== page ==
Shoma Uno, the bronze medalist at last year’s Grand Prix Final, will make his GP season debut at Skate America in Hoffman Estates, Illinois, this week where he will take on a field headed by rising Chinese star Jin Boyang.
Uno, who won his Challenger Series event (Lombardia Trophy) last month in Italy, is tapped by many skating analysts to have another breakout campaign after his debut in the senior ranks last season.
The 18-year-old Nagoya native is quietly building a following within the skating community while competing in the shadow of his more famous compatriot, Olympic champion Yuzuru Hanyu.
Uno was the world junior champion in 2015 and has been second behind Hanyu at the last two Japan national championships. The diminutive Uno raised his profile significantly back in April at the inaugural Team Challenge Cup in Spokane, Washington, when he became the first skater ever to cleanly execute a quadruple flip in competition.
In addition to Jin, Uno will compete against American Jason Brown and teammate Daisuke Murakami in the 11-skater lineup. Sochi Olympic bronze medalist Denis Ten of Kazakhstan was scheduled to participate, but withdrew on Monday.
Rockerskating.com, a site that heavily covers skating, has high praise for Uno and installed him as the favorite in its Skate America preview.
“Defeating Javier Fernandez is no easy feat, but Uno did just that at the free-skate-only Japan Open to start off October,” the website writes. “With quad flip in tow, Uno comes into Skate America as the clear favorite, with a slight change in technique on his landings that make his jumps look smoother than ever.”
Ice Time sees the event as a two-horse race between Uno and Jin. While Jin is an incredible jumper, he still lacks the polish of Uno.
The women’s field at Skate America features three-time world champion Mao Asada, world silver medalist Ashley Wagner and two-time U.S. champion Gracie Gold, along with Russia’s Julia Lipnitskaia.
Mai Mihara, a 17-year-old from Kobe, who won her Challenger Series event (Nebelhorn Trophy) last month, and 2014 Olympian Kanako Murakami will join Mao in the lineup.
Based on her fine results last season, Wagner would have to be considered the favorite going in, but depending on what Mao decides to do with the triple axel, she could also walk away the winner.
Mao didn’t use the triple axel at the Finlandia Trophy earlier this month and easily took second behind Canada’s Kaetlyn Osmond. Her coach Nobuo Sato attributed this decision in part to a left knee injury that Mao was still nursing from last season.
The dilemma for Mao is whether to risk using the triple axel and possibly end up with a poor result that could jeopardize her chance at making the GP Final this season, or play it safe with the double axel.
Based on what happened in Finland, Ice Time believes Mao is better off sticking with the double axel and getting her GP season off to a solid start, than chancing disaster with the triple axel.
Growing legacy: It is always interesting in life to see how in retrospect certain individuals are regarded after their time in the spotlight has ended.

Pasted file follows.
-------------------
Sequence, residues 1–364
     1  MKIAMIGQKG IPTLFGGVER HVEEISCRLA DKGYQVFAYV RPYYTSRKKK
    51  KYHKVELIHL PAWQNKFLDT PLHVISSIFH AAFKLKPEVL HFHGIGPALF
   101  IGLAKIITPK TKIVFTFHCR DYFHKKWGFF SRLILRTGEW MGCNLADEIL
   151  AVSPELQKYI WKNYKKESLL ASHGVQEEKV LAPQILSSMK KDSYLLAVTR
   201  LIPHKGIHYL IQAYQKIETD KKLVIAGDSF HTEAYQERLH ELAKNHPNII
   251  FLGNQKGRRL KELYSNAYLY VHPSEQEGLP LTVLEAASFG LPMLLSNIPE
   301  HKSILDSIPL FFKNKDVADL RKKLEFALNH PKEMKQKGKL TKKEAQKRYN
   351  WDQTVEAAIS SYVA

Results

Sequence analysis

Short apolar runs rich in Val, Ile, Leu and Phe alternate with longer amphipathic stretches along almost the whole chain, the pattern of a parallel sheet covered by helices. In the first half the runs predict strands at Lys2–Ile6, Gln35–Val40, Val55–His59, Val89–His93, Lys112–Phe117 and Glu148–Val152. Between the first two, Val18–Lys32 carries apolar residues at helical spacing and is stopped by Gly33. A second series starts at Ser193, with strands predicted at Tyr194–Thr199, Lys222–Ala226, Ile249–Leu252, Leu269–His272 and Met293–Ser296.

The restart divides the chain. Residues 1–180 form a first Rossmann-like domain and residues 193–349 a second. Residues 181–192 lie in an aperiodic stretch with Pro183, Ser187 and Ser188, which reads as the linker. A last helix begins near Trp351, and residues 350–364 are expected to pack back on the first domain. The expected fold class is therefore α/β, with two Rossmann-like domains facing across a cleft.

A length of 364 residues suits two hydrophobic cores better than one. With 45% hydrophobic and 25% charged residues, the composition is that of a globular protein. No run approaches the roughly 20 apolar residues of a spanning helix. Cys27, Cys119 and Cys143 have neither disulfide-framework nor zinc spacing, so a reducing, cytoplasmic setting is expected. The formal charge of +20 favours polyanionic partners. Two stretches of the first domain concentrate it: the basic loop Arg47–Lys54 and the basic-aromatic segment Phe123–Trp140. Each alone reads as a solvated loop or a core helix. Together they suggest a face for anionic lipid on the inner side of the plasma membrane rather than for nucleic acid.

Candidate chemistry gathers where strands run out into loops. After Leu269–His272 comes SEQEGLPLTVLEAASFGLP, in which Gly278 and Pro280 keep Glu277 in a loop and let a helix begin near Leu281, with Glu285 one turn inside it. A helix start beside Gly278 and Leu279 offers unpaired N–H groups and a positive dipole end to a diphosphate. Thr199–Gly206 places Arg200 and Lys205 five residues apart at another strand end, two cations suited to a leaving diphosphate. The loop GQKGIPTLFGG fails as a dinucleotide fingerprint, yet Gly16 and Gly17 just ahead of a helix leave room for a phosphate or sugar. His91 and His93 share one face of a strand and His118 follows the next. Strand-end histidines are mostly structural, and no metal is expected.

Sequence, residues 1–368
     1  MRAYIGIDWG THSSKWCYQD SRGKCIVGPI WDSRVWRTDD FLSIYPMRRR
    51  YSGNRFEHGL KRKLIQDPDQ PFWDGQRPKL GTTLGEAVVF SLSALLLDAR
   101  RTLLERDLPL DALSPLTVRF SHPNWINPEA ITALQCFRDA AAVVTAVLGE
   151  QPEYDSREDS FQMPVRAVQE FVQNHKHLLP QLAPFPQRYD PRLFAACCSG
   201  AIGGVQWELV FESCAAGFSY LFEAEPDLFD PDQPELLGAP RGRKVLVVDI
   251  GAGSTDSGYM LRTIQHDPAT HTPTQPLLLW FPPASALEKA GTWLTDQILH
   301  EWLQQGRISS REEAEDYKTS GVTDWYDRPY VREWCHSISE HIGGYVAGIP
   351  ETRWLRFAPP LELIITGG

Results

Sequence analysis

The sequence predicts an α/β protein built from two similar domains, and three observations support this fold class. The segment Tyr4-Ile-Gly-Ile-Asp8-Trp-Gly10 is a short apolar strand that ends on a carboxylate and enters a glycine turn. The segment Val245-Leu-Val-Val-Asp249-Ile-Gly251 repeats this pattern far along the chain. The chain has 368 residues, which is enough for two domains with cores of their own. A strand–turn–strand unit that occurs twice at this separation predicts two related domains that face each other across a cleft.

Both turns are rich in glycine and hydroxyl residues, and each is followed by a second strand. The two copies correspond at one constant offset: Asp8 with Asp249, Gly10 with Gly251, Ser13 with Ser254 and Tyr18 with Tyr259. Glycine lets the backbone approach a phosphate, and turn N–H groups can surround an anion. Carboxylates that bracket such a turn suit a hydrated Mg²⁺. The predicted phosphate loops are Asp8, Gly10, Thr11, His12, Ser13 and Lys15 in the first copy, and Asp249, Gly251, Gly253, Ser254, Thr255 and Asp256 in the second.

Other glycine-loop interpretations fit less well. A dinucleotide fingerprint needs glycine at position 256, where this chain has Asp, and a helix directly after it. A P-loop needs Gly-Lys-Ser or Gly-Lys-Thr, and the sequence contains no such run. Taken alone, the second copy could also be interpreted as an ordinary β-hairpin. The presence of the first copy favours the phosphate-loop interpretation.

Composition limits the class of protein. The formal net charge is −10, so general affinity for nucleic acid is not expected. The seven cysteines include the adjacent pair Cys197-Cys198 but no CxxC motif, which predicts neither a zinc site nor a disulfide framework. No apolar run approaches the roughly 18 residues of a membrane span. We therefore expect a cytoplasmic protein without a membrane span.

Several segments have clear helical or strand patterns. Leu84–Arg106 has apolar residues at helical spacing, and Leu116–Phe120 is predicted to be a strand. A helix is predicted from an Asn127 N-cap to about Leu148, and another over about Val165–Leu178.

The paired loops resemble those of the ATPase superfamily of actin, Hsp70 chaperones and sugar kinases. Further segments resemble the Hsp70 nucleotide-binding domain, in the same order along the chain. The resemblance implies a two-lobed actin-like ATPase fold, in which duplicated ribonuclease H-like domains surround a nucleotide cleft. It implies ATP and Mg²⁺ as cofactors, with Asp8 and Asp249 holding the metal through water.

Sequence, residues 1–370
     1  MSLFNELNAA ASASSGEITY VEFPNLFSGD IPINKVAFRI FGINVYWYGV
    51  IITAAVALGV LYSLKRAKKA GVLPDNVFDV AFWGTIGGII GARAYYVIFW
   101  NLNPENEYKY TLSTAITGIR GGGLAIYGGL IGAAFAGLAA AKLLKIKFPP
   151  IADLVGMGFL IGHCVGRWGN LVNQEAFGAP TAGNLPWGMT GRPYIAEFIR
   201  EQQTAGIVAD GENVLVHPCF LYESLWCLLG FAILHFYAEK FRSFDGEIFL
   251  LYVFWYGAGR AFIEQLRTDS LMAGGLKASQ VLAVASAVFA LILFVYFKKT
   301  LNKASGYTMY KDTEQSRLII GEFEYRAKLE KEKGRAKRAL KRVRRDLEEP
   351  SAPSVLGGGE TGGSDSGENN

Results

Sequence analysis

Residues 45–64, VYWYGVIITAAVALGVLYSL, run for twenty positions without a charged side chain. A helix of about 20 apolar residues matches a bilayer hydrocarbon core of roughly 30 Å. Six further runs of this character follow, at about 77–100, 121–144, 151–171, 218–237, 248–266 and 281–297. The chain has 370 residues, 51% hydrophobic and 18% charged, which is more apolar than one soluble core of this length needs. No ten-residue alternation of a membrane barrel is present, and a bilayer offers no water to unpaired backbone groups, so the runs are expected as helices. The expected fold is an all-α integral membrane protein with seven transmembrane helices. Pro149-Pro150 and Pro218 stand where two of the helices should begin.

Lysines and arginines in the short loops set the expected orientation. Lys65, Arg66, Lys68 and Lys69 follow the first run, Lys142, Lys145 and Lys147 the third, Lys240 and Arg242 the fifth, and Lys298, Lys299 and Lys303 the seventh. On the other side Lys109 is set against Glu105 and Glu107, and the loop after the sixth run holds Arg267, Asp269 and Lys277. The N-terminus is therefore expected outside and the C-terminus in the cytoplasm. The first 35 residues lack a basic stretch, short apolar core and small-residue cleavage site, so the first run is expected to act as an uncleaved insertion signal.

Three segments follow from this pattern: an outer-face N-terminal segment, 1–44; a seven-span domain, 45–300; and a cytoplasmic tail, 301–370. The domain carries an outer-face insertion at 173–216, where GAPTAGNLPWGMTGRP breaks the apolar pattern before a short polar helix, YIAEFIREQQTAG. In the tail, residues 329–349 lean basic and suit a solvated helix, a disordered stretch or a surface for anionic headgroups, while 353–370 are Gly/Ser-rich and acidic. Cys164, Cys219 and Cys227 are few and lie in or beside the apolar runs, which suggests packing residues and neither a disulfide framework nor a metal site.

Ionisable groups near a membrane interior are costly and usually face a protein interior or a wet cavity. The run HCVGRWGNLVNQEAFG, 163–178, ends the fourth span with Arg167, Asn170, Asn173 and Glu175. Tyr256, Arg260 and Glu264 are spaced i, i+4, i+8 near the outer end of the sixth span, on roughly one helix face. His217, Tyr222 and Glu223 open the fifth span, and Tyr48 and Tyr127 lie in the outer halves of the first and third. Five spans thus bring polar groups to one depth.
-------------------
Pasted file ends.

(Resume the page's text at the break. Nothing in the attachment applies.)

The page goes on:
Athletes, artists, authors, actors and politicians are often viewed differently with the passage of time. Some are more highly thought of after they have stepped out of the arena, than when they were in it.
Ice Time came across something very interesting along these lines recently. It was a retrospective on 2010 world champion Daisuke Takahashi put together by a skating fan in Romania who chronicled the top 10 competitive programs of his career. Use Your Illusion (iguana012.tumblr.com) is the name of the site and it provides links to all of the programs listed in its “skating reviews” section.
The Okayama native, who was the 2002 world junior champion, retired from competition after finishing sixth at the Sochi Olympics while skating with a leg injury. Takahashi bowed out having enjoyed a long and successful career.
Now there is no question that Takahashi was highly regarded by fans and those in the skating world while he was active, but as time goes on the beautiful artistry that he exhibited on the ice is gaining greater recognition.
Use Your Illusion rated Takahashi’s top 10 programs as follows:
1. “In The Garden of Souls” (2011-12 short program).
2. “La Strada” (2009-10 free skate).
3. “Blues for Klook” (2011-12 free skate).
4. “Swan Lake Hip-Hop” (2007-08 short program).
5. “Eye” (2009-10 short program).
6. “Sonatina for Violin in C-sharp minor” (2013-14 short program).
7. “Beatles Medley” (2013-14 free skate).
8. “El Tango de Roxanne” (2006-07 short program).
9. “Historia de un Amor/Que Rico El Mambo” (2010-11 short program).
10. “Invierno Porteno/Primavera Portena” (2010-11 free skate).
A significant review of each program is listed on the site, along with a photo from that performance. It is a very creative way to salute a skater who made a profound impact on those who watch the sport.
Shoma Uno is one skater who lists Takahashi as his idol.
Ice Time can recall being contacted by fans who said they bought tickets to multiple show performances over multiple days by Takahashi. That is how intense of a following he had at his peak.
The site’s creator, Ioana, refers to herself as an “average 25-year-old girl from Romania” who is “mostly introverted with a lame sense of humor.”
Ice Time recommends all skating fans check out this excellent compilation from the career of the 2010 Vancouver Olympic bronze medalist. It will be well worth your while.